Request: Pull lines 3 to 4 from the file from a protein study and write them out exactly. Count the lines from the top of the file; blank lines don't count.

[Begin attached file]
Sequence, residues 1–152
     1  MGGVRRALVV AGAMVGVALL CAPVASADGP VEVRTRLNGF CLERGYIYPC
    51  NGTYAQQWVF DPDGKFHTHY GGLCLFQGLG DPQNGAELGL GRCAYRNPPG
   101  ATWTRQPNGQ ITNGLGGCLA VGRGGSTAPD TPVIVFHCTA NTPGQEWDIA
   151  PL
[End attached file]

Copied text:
    51  NGTYAQQWVF DPDGKFHTHY GGLCLFQGLG DPQNGAELGL GRCAYRNPPG
   101  ATWTRQPNGQ ITNGLGGCLA VGRGGSTAPD TPVIVFHCTA NTPGQEWDIA